‘Thank you, but I cannot go. I am waiting for my friends, Mr and Miss Tilney. I am engaged to go for a walk in the country with them. They promised to come at twelve, but it rained; now, with this fine weather, I expect them here soon.’
‘No, they will not be coming,’ insisted Mr Thorpe. ‘I saw them in a carriage and heard them say that they were going as far as Wicks Rocks. Anyway, it is much too dirty for a country walk.’
‘Oh, that is disappointing,’ said Catherine. ‘But what about this castle? Is it really old? Is it like the castle in Udolpho?’
‘It is almost exactly the same,’ said Mr Thorpe.
‘Then shall I go, Mrs Allen? What do you think?’ Catherine asked.
‘Well, my dear, I suppose you should go,’ said Mrs Allen, and in two minutes the four young people had begun their journey.
Catherine felt upset that she had not heard anything from the Tilneys, but she had to admit that she was excited about seeing a real castle.
The carriages went down Pulteney Street and through Laura Place, and John Thorpe once again talked about his horse and his skills as a driver. Then near Argyle Street, Mr Thorpe said, ‘Who is that girl on the pavement who was staring at you as we passed her?’
Catherine looked back and saw Miss Tilney, walking along the pavement, holding her brother’s arm, and both of them were looking directly at her.
‘Stop, stop, Mr Thorpe,’ Catherine cried impatiently. ‘It is Miss Tilney and her brother! How could you tell me that they had gone out of town? Stop, stop, I must speak to them.’
But John Thorpe did not stop. In fact, he laughed and encouraged his horse to go faster, and in another minute the Tilneys were out of sight.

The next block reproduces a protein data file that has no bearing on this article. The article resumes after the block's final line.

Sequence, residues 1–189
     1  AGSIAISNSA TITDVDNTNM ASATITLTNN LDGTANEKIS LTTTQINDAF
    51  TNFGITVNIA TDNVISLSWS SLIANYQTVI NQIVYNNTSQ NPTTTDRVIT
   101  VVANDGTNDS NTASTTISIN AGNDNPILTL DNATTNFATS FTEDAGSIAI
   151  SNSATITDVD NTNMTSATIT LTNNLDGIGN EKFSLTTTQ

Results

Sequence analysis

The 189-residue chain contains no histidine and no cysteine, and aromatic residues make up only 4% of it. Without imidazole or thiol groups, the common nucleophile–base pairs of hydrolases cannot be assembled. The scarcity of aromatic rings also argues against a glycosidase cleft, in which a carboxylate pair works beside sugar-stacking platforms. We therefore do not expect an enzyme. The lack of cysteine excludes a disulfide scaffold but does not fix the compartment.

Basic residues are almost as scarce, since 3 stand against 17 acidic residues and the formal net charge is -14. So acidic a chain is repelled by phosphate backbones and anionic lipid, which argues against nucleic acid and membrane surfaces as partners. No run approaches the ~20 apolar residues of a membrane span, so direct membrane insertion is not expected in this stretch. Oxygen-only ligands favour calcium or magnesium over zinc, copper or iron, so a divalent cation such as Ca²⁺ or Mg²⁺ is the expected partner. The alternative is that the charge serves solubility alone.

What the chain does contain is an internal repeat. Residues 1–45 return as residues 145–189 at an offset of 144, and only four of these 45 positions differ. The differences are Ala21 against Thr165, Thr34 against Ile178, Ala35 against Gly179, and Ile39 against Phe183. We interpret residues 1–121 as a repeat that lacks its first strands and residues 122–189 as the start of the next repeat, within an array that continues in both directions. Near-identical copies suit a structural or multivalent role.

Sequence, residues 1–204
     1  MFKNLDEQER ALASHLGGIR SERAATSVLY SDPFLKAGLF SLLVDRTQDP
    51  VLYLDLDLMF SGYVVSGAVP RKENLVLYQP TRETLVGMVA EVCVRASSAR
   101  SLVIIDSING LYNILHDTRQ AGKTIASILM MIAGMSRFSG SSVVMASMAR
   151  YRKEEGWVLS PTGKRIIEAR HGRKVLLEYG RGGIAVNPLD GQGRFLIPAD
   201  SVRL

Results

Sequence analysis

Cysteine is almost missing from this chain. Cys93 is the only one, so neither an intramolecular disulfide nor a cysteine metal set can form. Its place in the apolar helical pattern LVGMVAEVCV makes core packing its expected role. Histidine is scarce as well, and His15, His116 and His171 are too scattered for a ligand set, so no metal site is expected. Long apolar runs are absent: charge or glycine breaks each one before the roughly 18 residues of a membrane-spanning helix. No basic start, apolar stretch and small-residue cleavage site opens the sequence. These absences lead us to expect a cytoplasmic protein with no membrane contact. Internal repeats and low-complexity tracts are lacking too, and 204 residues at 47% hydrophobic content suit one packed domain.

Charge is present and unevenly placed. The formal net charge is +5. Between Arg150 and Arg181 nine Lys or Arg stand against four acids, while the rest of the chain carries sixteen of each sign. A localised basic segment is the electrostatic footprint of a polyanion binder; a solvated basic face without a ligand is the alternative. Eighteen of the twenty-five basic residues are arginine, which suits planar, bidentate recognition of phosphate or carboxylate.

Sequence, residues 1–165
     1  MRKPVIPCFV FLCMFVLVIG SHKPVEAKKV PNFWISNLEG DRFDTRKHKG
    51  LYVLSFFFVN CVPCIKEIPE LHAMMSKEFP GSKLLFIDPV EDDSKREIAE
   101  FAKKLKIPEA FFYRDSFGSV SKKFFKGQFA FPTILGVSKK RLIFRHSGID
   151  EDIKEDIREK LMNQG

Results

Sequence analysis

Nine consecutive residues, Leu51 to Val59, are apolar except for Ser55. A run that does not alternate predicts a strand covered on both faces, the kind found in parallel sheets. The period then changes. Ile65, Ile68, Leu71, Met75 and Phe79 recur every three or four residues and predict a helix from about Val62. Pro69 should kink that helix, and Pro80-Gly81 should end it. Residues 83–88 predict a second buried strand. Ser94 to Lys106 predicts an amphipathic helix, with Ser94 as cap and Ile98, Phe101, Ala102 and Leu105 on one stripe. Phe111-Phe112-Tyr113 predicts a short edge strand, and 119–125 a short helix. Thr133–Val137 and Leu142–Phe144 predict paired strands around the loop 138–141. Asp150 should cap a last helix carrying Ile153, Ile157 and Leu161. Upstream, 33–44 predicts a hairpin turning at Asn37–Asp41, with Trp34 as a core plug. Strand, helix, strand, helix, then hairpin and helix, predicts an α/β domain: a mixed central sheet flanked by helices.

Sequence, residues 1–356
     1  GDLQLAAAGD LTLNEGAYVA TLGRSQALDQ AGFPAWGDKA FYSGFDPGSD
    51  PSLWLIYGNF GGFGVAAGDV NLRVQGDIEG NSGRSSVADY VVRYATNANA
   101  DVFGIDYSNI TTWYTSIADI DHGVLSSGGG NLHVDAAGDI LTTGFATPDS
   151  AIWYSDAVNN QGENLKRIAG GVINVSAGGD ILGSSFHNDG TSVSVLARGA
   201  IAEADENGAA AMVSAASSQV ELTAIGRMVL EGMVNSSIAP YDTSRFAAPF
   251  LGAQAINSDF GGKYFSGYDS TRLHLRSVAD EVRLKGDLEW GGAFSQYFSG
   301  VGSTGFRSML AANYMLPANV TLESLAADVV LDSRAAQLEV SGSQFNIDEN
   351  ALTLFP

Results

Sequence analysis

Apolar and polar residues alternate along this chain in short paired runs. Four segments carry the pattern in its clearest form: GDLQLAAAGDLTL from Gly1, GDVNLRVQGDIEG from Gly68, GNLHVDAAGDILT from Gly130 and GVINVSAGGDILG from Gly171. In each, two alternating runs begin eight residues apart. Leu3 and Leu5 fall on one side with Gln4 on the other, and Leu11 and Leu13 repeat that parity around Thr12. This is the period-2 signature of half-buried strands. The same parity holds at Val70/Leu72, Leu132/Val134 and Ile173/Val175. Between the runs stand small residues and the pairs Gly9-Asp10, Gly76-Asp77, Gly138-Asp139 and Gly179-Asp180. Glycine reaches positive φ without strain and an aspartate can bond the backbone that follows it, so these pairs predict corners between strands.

Now the carriage was moving so quickly that Catherine could not possibly escape from it, and she felt extremely angry. ‘Why did you lie to me, Mr Thorpe? And why didn’t you stop when I asked you to? They must think that I am very rude.’
Their drive, even after they had stopped talking about the Tilneys, was not very agreeable. Catherine obviously would have preferred a country walk with the Tilneys, but at least she had a real castle to look forward to.
When they could see the town of Keynsham, James Morland shouted at Mr Thorpe and the two carriages came to a stop.
‘We had better go back, Thorpe,’ James began. ‘Isabella agrees. We left too late to visit Blaize Castle today.’
‘It does not matter to me,’ said Mr Thorpe, turning his carriage around for the drive back to Bath. As they started again, he said to Catherine, ‘Your brother is a fool not to have his own horse and carriage. If he had a good horse like mine, we could easily have reached the castle today.’
‘But he could not afford to keep a horse and carriage,’ objected Catherine.
‘And why can’t he afford it?’
‘He does not have money for those things,’ replied Catherine.
‘Well, I think it is a bad practice for people who are rolling in money to be too mean to have a good horse and carriage.’ Catherine did not understand what Mr Thorpe was talking about, and she had become less and less willing to listen to anything he had to say. They returned to Pulteney Street without her speaking twenty words.
When she entered Mr and Mrs Allen’s house, a servant told Catherine that a young lady and gentleman had called for her a few minutes after she had set off with Mr Thorpe. Thinking about this upsetting news, our heroine walked slowly upstairs to her room, but was stopped by Mr Allen.
‘Dear Catherine, I am glad your brother was sensible enough to bring you home in good time. It was a strange, wild scheme.’ That night our heroine went to bed feeling confused and unhappy, unable to sleep because she was busy re-living the terrible events of the day.